I was planning a vacation to Houston, Texas. I knew it wasn’t going to be the outdoor adventure I was used to, but I excitedly got online to see what the big city of Houston had to offer. I’ve always enjoyed science, automotive, and aeronautical museums. So, I was pretty excited to see they had a NASA museum, called Houston Space Center. I read a few reviews online, to see what people had to say. I was a little disappointed to see it had mediocre reviews; the main complaint being it was outdated. I figured to myself, it would be my first time going, so it certainly wouldn’t be outdated to me. This was added to the list of Must-Sees.
Once in Houston, my mother and my nephew accompanied me on this adventure. There was no mistaking our arrival to Houston Space Center, as we were greeted by two NASA jets and a rocket’s crew capsule near the entrance to the center. To make it even more exciting, once in the parking lot, a full size Boeing 747 with a space shuttle on it’s back dominates the view. Our tickets were purchased, and we were given a map. The first thing we saw when we entered the main entrance was a full-sized mock up of the Mars rover, Spirit, sans the solar panels. We took a left turn and found ourselves in the area devoted to the International Space Station. They had many displays that demonstrated the technology and design of the ISS and the purpose of their research. Some of the displays were interactive for children, letting them touch and move various components, such as drawers and storage compartments.
One of the more fascinating displays, for me, was an animated timeline that demonstrated how the ISS was constructed and the expansions that have taken place over the years. I was unaware how long and intricate the construction process was, with some modules being moved multiple times over the years, before reaching it’s final resting place. Next to the ISS display is an area dedicated to the late Space Shuttle program. The Space Shuttle area had an amazing display of space suits, some from the former Soviet Union’s space program. Next we found ourselves in the area dedicated to Mars exploration.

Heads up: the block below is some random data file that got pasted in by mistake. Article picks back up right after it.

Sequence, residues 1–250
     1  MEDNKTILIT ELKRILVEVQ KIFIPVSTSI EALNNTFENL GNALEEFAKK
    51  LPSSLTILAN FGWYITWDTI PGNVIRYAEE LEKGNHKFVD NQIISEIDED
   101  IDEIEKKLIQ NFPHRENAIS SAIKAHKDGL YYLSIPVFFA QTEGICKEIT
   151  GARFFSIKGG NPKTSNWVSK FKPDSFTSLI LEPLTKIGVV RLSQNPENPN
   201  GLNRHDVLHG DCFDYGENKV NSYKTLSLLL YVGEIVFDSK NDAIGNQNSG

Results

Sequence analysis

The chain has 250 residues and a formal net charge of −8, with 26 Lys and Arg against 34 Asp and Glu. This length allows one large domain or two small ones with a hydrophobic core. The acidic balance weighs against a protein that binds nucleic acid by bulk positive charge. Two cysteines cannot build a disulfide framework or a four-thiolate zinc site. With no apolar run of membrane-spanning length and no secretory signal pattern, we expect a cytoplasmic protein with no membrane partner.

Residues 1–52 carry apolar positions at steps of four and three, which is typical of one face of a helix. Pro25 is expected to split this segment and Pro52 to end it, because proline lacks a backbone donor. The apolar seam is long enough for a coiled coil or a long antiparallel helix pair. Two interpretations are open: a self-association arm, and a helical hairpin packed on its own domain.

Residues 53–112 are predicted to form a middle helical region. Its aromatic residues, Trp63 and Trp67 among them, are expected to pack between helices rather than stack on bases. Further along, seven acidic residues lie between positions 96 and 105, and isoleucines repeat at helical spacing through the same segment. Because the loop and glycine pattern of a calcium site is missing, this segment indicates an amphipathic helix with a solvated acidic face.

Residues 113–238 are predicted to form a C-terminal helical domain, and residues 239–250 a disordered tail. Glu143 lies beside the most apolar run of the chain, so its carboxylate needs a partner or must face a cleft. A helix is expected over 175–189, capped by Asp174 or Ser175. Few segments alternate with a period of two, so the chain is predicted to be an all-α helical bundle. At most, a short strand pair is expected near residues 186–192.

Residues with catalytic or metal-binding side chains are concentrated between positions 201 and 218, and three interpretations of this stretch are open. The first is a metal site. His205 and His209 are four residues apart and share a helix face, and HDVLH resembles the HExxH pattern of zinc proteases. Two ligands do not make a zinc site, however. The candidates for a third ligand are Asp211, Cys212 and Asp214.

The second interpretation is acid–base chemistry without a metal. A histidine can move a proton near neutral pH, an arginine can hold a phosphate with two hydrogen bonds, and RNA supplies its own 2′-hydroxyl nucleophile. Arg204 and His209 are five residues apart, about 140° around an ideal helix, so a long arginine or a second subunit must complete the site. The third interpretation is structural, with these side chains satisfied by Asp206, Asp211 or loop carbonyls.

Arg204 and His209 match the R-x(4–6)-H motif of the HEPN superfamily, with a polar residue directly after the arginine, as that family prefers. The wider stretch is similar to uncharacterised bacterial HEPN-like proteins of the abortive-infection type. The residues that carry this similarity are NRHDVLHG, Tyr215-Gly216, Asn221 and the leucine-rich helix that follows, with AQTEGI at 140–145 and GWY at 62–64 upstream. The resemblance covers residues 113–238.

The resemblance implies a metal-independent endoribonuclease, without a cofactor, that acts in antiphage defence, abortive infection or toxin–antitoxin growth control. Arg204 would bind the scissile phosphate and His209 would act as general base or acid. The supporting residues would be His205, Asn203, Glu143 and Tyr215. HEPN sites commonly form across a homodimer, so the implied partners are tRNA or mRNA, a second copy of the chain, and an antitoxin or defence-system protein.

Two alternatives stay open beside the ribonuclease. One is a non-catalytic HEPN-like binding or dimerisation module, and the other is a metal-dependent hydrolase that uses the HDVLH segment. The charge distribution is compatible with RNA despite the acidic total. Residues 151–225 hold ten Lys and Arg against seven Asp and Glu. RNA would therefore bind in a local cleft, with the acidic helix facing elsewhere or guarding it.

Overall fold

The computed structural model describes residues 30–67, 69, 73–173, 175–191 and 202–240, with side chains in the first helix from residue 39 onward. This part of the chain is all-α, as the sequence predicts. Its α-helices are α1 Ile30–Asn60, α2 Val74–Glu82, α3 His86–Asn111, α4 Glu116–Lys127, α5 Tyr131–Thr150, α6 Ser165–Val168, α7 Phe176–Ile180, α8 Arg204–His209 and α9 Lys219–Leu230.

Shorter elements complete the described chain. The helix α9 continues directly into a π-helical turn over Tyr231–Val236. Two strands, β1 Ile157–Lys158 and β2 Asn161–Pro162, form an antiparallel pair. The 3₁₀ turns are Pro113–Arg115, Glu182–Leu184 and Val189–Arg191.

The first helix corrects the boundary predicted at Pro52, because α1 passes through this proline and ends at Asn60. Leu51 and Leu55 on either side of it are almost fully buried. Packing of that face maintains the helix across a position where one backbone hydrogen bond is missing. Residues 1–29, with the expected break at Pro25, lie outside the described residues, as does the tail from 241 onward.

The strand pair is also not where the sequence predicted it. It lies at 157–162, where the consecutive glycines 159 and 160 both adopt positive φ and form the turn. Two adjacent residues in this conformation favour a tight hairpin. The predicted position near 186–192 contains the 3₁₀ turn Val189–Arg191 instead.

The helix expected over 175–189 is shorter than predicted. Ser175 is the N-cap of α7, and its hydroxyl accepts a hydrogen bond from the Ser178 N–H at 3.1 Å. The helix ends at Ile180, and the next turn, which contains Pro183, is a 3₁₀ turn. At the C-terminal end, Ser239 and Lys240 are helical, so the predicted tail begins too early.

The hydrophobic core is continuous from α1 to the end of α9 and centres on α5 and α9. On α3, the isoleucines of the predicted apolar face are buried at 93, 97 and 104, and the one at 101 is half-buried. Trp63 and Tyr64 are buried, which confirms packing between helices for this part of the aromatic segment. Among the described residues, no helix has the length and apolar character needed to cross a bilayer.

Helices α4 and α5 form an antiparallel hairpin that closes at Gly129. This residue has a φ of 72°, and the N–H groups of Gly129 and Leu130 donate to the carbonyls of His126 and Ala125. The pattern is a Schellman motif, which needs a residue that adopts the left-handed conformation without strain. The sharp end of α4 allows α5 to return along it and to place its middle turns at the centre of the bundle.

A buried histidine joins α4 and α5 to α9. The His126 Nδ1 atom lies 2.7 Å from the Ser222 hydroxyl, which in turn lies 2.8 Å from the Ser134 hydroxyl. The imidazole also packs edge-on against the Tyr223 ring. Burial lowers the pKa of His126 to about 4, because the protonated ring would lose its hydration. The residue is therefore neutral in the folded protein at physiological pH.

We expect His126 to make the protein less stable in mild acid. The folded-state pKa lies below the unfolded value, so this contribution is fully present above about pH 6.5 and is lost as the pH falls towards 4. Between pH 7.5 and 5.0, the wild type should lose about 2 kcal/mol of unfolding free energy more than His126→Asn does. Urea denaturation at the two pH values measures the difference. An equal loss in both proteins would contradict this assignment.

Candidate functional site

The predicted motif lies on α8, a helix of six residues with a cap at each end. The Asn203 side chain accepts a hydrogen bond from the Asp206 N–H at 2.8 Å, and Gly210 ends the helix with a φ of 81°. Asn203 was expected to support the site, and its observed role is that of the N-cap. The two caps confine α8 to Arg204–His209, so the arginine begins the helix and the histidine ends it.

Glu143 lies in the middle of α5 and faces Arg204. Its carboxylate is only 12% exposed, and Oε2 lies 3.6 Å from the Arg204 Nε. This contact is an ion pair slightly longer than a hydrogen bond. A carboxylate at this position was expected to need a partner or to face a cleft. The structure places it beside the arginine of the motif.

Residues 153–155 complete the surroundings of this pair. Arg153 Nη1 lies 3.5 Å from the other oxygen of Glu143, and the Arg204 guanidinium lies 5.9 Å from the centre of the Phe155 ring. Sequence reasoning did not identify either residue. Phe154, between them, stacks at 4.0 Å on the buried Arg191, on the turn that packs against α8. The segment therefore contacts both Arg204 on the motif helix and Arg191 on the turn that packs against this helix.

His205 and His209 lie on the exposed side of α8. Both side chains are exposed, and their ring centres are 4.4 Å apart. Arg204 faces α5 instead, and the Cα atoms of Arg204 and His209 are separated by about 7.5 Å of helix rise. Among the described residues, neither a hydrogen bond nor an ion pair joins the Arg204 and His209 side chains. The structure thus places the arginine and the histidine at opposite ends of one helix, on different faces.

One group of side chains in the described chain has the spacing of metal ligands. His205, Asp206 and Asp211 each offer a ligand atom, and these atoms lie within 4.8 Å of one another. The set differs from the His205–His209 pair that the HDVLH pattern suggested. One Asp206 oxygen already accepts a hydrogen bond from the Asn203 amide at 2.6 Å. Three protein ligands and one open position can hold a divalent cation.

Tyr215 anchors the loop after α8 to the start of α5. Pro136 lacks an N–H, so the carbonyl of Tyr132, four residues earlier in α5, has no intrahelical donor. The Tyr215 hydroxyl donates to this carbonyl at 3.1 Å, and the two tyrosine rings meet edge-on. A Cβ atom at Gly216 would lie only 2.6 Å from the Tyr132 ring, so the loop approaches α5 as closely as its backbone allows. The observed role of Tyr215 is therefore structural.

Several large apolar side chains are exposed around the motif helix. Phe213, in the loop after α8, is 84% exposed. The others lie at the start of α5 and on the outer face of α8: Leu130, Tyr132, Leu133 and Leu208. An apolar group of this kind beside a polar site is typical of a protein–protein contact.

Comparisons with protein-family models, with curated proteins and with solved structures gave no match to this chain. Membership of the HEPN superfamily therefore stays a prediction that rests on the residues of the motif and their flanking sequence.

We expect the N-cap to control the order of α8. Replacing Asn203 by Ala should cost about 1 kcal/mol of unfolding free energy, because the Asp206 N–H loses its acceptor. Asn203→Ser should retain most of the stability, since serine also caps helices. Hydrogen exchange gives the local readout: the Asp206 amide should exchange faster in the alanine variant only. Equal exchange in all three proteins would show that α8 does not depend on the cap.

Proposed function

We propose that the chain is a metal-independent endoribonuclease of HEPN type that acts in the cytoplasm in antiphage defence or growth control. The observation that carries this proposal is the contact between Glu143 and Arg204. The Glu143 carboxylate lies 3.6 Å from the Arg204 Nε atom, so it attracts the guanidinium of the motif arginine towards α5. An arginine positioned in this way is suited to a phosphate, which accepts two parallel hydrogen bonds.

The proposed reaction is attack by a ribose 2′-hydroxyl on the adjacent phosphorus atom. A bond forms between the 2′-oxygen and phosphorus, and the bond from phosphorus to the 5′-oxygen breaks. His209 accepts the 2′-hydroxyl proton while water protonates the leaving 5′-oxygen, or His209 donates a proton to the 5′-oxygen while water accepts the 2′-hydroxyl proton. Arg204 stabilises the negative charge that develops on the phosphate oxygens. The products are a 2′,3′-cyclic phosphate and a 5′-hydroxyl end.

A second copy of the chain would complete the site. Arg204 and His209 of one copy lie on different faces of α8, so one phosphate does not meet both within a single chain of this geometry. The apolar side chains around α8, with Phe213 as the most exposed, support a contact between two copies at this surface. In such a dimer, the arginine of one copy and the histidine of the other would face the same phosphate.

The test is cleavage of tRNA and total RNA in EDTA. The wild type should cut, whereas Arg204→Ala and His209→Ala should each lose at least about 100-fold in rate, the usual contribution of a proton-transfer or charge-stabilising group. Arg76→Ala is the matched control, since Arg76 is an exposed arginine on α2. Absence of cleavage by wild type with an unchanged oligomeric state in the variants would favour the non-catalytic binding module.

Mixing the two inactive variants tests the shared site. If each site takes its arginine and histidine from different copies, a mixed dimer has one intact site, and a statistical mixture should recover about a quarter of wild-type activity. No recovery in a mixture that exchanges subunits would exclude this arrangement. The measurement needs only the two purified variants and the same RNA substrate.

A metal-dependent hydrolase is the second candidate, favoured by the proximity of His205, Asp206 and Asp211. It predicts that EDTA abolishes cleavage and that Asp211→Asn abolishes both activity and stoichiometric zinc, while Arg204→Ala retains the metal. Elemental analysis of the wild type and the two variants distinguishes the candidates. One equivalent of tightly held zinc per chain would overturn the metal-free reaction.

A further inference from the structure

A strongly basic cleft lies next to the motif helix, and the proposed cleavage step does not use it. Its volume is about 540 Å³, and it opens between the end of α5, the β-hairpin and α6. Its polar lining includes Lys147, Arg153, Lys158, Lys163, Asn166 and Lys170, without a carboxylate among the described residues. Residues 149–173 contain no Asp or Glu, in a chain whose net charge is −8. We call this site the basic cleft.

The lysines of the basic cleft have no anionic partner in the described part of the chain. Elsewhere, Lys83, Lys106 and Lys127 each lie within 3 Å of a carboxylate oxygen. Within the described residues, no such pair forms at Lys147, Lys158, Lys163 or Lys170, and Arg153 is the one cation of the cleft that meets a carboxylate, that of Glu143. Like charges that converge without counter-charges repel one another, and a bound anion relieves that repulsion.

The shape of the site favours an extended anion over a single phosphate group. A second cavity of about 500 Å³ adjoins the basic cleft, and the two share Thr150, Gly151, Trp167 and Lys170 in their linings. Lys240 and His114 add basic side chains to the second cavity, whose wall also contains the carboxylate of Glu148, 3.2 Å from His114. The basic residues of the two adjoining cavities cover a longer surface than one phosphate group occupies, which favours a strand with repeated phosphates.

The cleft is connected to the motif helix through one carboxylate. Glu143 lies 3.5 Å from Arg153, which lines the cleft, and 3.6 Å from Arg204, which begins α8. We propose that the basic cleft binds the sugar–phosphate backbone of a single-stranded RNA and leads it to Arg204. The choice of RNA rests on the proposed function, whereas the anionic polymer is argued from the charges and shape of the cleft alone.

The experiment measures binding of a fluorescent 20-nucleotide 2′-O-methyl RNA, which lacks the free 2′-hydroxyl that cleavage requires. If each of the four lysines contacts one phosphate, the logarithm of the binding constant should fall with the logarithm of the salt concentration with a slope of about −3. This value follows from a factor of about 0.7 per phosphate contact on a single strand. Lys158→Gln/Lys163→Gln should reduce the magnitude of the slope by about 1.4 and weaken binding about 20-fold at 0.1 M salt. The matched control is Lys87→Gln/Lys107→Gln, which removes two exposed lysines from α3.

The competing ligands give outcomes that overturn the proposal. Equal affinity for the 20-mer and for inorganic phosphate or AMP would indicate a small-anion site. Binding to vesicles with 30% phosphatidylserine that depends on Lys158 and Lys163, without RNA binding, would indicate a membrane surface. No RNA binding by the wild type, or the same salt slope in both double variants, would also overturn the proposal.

In trying to work our way over to the Boeing 747, we walked into the Starship Gallery. The Starship Gallery was dedicated to the Apollo, Saturn, and Lunar landing missions, with actual crew capsules on display. The main capsule is in the middle of the floor, which allowed us to walk around and get a close look. The heat scarring from re-entry into Earth’s orbit is forever scorched onto the capsule and is a testament to the extreme heat experienced during re-entry. One of the capsules is hanging from the ceiling, giving an amazing view of the bottom of the capsule’s burnt heat shield. From here, we wandered into the Skylab exhibit, the highlight of the Starship Gallery. I saw the film clips of the astronauts doing their tumbling acrobatics. I understood that Skylab wasn’t a tiny capsule-like vehicle, but had no idea just how massive the structure truly was. Seeing such massive machines is truly a wonder and humbling. From Skylab, it’s a short walk to the Boeing display.